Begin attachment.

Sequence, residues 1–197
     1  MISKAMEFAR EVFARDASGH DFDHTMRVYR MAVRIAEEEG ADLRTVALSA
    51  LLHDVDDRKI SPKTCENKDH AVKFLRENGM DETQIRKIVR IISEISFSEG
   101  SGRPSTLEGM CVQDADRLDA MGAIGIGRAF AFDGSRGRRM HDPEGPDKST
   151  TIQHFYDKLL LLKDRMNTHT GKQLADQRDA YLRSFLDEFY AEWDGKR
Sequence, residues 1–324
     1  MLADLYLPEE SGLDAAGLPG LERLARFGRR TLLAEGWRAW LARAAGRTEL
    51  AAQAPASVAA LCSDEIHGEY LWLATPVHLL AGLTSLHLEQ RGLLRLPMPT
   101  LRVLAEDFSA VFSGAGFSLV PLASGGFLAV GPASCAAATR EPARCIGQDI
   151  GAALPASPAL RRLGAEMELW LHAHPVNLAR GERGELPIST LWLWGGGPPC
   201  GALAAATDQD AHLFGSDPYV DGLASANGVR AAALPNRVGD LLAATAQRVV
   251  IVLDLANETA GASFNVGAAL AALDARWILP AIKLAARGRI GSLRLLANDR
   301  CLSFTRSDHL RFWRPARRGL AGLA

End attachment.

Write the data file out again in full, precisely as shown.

Sequence, residues 1–197
     1  MISKAMEFAR EVFARDASGH DFDHTMRVYR MAVRIAEEEG ADLRTVALSA
    51  LLHDVDDRKI SPKTCENKDH AVKFLRENGM DETQIRKIVR IISEISFSEG
   101  SGRPSTLEGM CVQDADRLDA MGAIGIGRAF AFDGSRGRRM HDPEGPDKST
   151  TIQHFYDKLL LLKDRMNTHT GKQLADQRDA YLRSFLDEFY AEWDGKR
Sequence, residues 1–324
     1  MLADLYLPEE SGLDAAGLPG LERLARFGRR TLLAEGWRAW LARAAGRTEL
    51  AAQAPASVAA LCSDEIHGEY LWLATPVHLL AGLTSLHLEQ RGLLRLPMPT
   101  LRVLAEDFSA VFSGAGFSLV PLASGGFLAV GPASCAAATR EPARCIGQDI
   151  GAALPASPAL RRLGAEMELW LHAHPVNLAR GERGELPIST LWLWGGGPPC
   201  GALAAATDQD AHLFGSDPYV DGLASANGVR AAALPNRVGD LLAATAQRVV
   251  IVLDLANETA GASFNVGAAL AALDARWILP AIKLAARGRI GSLRLLANDR
   301  CLSFTRSDHL RFWRPARRGL AGLA